Wednesday, June 23, 2010

Medical Controversy: Anecdotes are Important Too

I'm sure that we all have personal medical stories to share. Hopefully good stories and not just bad ones. Did your uncle survive into his 90s while smoking a cigar a day? Did that young doctor in town do something awful to Elizabeth in accounting? We all have a collection of tales.

When it comes to determining what is right or wrong with medicine anecdotal evidence is considered weak. Mainly because the more evidence and the more cases and the more numbers involved the stronger any correlations and links you can find. Smoking is linked to certain cancers and diseases. Not everyone who smokes will get those diseases. They're just much more likely to get them.

But anecdotes aren't unimportant. Every trend starts with the first observation. A few anecdotes may lead to the collection of much stronger evidence.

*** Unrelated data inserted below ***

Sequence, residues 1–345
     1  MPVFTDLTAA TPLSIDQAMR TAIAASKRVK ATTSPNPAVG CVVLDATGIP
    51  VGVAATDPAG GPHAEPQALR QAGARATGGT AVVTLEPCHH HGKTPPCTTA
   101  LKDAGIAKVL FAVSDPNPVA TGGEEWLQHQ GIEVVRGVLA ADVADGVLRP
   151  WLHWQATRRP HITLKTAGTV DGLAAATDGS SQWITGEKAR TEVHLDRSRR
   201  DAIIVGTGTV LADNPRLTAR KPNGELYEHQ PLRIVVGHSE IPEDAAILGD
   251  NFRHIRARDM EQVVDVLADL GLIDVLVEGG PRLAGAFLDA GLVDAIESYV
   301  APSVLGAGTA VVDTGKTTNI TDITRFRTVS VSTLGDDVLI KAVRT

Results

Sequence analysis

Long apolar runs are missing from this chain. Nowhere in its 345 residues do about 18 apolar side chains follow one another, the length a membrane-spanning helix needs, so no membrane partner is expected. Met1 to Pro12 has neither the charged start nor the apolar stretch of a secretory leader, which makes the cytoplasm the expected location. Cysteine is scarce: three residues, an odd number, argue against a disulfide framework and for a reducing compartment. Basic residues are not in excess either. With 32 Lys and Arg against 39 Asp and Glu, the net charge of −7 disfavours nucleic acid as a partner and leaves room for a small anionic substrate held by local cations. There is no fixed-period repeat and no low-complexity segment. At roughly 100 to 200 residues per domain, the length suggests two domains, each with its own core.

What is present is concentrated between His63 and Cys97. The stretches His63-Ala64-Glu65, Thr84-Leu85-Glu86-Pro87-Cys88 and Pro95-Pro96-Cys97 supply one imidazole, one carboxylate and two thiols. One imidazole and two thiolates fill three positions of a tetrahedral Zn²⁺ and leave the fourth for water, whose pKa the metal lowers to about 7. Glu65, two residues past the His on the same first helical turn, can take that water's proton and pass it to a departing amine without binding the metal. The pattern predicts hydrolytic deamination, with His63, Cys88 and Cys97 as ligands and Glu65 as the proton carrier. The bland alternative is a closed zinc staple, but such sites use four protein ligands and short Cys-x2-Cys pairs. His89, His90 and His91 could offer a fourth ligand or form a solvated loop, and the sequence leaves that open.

Plus anecdotes can be incredibly moving, personal, and powerful. Empathy is a powerful force.

My Brain Forgot... by Lucy Ambrose is her story of a back injury that spiraled out of control. It describes how a 'simple' injury turned into a dark nightmare and how she eventually got help that worked. Stories like Lucy's may not be representative. Her story may not reflect what happens to most people. It does however tell you what happened to her specifically.

For even though a single anecdote is not a sound basis for changing medical policy it may help to remember that each person will end up with their own story. We are going through our own story of illnesses and issues and of diagnoses and treatments.

Each of us is an anecdote in the making.

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